Translation:His home is in China.
I put his family is in China and I think it should count because 家 can be used as family or home.
The lessons teach it is home. In this context you should answer accordingly to previews lessons.
I used "house" instead of "home" here which I think should also be acceptable as a translation.
Home is the location in which one resides. House as a noun is a structure one could reside in. An open field could be one's home but it can not be one's house.
I'm still a very new learner, so fully expect someone to correct me, but I think 他 means "he". Adding 的 after it (the possessive character) so it becomes 他的 means "his". It's a bit like adding 's after a noun in english.
Just saying 他 is he or him. 他的 is his
他的 + object = his...
I think it was because the previous sentence was saying "he is a beijing person", but this one is saying "his home is in china". Ren is needed because it's the person rather than the home which is being referred to.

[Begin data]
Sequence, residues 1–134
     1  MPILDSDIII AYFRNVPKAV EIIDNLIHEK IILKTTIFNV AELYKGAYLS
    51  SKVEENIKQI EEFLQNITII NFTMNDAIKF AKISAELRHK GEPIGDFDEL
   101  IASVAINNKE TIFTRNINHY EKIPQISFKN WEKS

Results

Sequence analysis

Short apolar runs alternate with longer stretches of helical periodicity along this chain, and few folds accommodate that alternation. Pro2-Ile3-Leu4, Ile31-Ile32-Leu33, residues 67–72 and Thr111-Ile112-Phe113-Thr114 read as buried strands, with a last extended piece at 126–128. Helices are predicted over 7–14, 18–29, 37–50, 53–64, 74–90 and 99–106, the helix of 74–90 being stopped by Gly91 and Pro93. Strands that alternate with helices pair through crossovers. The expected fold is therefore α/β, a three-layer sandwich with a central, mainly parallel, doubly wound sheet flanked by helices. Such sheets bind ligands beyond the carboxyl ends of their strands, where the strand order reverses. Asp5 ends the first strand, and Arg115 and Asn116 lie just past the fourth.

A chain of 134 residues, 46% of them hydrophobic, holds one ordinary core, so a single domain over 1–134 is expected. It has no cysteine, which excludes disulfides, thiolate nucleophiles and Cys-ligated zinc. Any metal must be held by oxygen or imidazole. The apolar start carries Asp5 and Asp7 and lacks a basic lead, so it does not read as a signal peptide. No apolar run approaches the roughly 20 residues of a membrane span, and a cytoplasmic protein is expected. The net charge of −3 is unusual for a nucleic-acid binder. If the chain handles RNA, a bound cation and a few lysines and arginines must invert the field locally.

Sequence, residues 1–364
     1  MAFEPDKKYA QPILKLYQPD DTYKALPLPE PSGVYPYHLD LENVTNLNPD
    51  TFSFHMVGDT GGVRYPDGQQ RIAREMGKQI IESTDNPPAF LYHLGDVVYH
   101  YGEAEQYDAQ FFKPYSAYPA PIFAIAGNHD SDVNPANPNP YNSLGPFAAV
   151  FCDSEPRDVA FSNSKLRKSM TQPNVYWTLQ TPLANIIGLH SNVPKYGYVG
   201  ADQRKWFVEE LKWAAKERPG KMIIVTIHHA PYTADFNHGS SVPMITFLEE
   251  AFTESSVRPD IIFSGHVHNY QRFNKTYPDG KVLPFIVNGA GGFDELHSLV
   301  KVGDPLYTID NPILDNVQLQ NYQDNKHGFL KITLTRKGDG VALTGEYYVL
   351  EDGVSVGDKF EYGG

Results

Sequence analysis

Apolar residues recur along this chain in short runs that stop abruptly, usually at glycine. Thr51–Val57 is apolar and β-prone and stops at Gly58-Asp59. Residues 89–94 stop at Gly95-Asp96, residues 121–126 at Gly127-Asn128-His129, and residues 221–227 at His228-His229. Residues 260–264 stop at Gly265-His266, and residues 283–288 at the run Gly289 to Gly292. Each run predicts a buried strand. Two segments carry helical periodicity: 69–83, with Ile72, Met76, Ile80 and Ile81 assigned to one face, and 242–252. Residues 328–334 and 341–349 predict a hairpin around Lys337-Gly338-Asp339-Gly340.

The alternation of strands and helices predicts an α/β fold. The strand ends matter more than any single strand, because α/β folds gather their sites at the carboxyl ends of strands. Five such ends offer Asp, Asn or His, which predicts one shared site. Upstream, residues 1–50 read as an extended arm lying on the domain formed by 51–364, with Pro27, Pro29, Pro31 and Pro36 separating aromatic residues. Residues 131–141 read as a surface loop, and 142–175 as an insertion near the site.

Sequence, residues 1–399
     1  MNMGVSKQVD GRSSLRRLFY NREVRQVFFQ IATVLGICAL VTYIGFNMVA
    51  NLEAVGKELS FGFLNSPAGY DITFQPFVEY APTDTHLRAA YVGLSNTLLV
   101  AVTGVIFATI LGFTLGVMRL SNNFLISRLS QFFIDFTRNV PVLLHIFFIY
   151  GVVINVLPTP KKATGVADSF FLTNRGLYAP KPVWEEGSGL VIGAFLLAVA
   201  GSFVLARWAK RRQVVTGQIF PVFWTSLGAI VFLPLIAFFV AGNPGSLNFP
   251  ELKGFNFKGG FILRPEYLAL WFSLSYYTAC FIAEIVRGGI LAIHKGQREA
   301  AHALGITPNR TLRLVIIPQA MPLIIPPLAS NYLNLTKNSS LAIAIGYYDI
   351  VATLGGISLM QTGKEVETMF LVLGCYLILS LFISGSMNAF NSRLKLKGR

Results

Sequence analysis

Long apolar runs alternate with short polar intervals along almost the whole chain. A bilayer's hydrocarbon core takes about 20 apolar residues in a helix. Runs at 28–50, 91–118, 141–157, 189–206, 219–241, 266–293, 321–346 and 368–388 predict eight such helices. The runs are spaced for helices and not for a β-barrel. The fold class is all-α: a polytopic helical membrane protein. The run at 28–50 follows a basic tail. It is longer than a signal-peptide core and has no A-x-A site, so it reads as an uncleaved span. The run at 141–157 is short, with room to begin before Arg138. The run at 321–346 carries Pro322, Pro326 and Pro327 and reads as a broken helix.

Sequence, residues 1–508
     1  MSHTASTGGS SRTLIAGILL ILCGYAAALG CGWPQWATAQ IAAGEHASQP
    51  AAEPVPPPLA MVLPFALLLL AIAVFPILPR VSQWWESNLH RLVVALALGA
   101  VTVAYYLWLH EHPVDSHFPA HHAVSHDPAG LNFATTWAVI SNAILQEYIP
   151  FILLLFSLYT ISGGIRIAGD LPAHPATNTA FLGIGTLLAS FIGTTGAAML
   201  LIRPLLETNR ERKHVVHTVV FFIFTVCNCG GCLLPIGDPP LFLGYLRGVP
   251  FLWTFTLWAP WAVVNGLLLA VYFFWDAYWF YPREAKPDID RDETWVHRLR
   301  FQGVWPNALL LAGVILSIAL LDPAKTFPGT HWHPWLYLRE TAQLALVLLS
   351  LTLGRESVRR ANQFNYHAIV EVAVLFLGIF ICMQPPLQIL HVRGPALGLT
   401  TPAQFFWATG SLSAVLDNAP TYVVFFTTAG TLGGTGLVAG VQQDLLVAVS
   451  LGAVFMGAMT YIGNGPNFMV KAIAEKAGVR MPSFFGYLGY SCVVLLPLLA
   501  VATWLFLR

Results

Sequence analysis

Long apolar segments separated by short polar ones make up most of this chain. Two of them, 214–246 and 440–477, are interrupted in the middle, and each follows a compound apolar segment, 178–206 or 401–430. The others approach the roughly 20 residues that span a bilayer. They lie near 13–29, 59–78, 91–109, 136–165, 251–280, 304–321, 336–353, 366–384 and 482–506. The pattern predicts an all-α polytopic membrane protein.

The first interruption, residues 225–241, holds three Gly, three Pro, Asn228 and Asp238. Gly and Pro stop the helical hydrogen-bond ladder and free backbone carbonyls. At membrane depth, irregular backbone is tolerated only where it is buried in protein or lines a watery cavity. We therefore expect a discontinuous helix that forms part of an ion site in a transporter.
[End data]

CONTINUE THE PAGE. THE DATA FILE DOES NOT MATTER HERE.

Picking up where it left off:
because 'ren' is people, that added to nation becomes a nationality. And beijing is a nation
I really wish these "type what you hear" questions would accept both 她 and 他 for tā, since the pronunciation is the same and there's not enough context to know which the computer thinks is right...
Hos home is in china is hramatically incorrect in English. No one would say that sxcept some one learning English as a secong language. Cop on duolingo
Because 他 is "he, him", so 他的 is "his". 她 is "her, she", so 她的 would be "hers". But both have the same pronunciation "tā".
I've just got asked to write in Chinese what I heard (without characters nor translations) and wrote 她 instead of 他 and got it wrong. As there is no way to differentiate "His" or "Her" from the pronunciation alone, I'd suggest that both should be accepted.
Are sentences such as this usually broken into two segments with a pause separating them? It certainly makes it easier to translate.